Sanjeev Nanda, convicted in the BMW hit-and-run case, today got a reprieve from the Supreme Court which refused to enhance the quantum of punishment of two years already undergone by him and directed him to do community service for two years.
Sanjeev Nanda, grandson of former Naval Chief S M Nanda, was ordered by the court to pay a compensation of Rs 50 lakh to the Centre which will be used for road accident victims.
34-year-old Sanjeev Nanda had mowed down six people, including three policemen, with his BMW in 1999.
A Bench of Justices Deepak Verma and K S Radhakrishnan partially set aside the Delhi High Court’s order convicting Sanjeev Nanda under lenient provision of 304 A of the Indian Penal Code (IPC) for rash and negligent driving, but upheld the two year jail term that was awarded to him.
The apex court, however, convicted him under the stringent provision of 304 Part II (culpable homicide not amounting to murder) of IPC, which prescribes maximum punishment of 10 years.
Flaying Nanda for running away after mowing down six people with his car on January 10, 1999, the bench said his conduct is “highly reprehensible”.
The apex court directed Nanda to perform community service for two years and also asked him to pay Rs 50 lakh to the Centre which will be used for compensating victims of road accidents in which erring drivers could not be traced.
The apex court passed the order on an appeal filed by the Delhi Police challenging the high court’s order reducing the jail term to two years from the five years awarded by the trial court.
In separate judgements written by the judges, Justice Radhakrishnan was more critical of Nanda’s conduct in the 13-year-old incident.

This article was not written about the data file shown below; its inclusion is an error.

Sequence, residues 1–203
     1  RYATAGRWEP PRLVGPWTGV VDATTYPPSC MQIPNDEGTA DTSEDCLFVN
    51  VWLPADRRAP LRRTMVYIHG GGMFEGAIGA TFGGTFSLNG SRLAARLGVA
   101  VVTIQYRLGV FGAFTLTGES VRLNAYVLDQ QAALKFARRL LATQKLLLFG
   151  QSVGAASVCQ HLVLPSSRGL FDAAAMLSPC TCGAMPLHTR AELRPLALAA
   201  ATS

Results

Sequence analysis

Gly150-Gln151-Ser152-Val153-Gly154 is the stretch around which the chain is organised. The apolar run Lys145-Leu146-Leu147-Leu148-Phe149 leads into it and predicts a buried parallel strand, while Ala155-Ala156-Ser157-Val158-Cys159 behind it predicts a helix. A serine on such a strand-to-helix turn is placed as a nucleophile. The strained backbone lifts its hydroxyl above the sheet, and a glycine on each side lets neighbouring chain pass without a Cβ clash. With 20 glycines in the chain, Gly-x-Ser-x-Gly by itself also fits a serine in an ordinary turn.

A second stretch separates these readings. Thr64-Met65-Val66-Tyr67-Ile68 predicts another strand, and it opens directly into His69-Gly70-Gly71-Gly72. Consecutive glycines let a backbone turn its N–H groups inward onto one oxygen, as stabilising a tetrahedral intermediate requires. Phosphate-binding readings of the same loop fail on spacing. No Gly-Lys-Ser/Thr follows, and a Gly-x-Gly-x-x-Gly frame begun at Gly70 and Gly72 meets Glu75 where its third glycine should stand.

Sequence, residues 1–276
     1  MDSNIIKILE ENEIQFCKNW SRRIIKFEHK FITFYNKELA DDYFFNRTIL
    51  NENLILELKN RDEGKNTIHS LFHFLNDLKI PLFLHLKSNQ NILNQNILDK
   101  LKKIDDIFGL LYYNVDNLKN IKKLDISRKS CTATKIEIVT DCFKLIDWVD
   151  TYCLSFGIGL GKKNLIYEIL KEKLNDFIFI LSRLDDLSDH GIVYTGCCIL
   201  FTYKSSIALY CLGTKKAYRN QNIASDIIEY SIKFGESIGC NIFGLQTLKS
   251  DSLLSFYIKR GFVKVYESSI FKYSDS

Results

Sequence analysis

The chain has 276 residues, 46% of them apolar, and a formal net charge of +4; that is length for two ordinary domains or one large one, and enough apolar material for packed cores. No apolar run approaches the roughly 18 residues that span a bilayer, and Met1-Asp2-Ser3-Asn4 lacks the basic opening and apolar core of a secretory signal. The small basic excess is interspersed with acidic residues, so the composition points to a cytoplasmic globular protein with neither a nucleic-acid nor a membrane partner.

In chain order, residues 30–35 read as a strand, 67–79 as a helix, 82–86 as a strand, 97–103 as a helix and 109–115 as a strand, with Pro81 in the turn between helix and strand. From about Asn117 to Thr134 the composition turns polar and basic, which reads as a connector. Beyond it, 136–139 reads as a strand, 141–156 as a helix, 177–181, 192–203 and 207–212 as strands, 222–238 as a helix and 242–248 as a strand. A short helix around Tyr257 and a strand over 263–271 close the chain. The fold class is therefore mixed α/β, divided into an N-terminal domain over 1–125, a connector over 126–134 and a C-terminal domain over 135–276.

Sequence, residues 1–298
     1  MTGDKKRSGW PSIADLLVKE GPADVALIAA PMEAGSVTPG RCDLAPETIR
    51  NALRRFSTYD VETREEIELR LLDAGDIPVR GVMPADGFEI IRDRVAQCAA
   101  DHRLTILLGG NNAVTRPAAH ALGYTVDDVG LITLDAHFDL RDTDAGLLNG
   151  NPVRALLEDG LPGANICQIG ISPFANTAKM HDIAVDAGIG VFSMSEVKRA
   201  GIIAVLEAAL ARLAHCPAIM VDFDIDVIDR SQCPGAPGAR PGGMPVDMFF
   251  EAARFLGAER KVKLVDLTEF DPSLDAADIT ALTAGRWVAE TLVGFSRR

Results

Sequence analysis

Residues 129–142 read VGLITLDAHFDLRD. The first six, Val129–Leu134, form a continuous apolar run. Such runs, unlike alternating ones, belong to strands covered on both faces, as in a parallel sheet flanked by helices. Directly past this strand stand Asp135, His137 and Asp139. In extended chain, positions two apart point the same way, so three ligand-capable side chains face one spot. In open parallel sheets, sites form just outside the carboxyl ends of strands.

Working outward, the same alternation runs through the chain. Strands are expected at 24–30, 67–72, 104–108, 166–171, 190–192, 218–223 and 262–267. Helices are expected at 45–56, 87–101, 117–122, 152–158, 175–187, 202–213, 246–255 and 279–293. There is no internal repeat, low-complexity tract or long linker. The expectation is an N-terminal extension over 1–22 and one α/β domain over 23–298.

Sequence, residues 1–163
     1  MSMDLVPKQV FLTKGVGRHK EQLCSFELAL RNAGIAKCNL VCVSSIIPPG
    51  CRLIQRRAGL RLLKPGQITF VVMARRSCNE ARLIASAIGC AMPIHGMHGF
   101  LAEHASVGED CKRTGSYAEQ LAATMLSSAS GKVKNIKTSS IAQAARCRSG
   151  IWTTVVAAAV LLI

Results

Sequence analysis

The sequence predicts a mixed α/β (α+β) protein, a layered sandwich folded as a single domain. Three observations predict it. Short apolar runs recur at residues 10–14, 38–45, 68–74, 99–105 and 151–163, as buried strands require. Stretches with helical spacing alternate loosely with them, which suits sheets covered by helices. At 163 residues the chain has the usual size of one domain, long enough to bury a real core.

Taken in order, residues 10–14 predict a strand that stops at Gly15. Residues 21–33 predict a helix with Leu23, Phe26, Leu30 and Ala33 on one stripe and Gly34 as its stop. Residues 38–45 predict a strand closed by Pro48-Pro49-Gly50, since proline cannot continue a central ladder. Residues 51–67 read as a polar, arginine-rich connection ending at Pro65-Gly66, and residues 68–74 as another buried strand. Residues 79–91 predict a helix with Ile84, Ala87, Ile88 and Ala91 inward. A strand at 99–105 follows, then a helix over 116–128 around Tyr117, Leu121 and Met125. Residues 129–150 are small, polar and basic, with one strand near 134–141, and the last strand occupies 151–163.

He said Nanda was driving the vehicle and he didn’t stop after mowing down six people.
“Some mercy could have been shown to the victims,” Justice Radhakrishnan said while pointing out that Nanda fled away from the spot leaving the victims to die.
Justice Radhakrishnan also made it clear that payment of compensation to victims’ families by Nanda and his age of 21 years at the time of incident are not mitigating factors while deciding the case against him.
He also said that the high court was wrong in convicting Nanda under lenient provision of IPC and said that it would send a wrong message to the public.
The apex court had on August 1 acquitted the three persons sentenced to varying jail terms for tampering with evidence in the case.
The Delhi High Court had in July 2009 reduced Nanda’s sentence from five to two years after holding that he could not have had the knowledge that a tragedy could strike by his rash and negligent driving.
The high court had modified the trial court’s order by holding him guilty under Section 304-A (causing death due to rash and negligent act) and acquitting him of Section 304 (culpable homicide not amounting to murder).
It had also reduced by half the quantum of sentence given to three co-accused — businessman Rajeev Gupta and his two employees Bhola Nath and Shyam Singh who were convicted for destruction of evidence in the case.
Gupta was sentenced to six months prison term, as against the one year awarded by the trial court, while his two employees were awarded three months jail term from their six months sentence.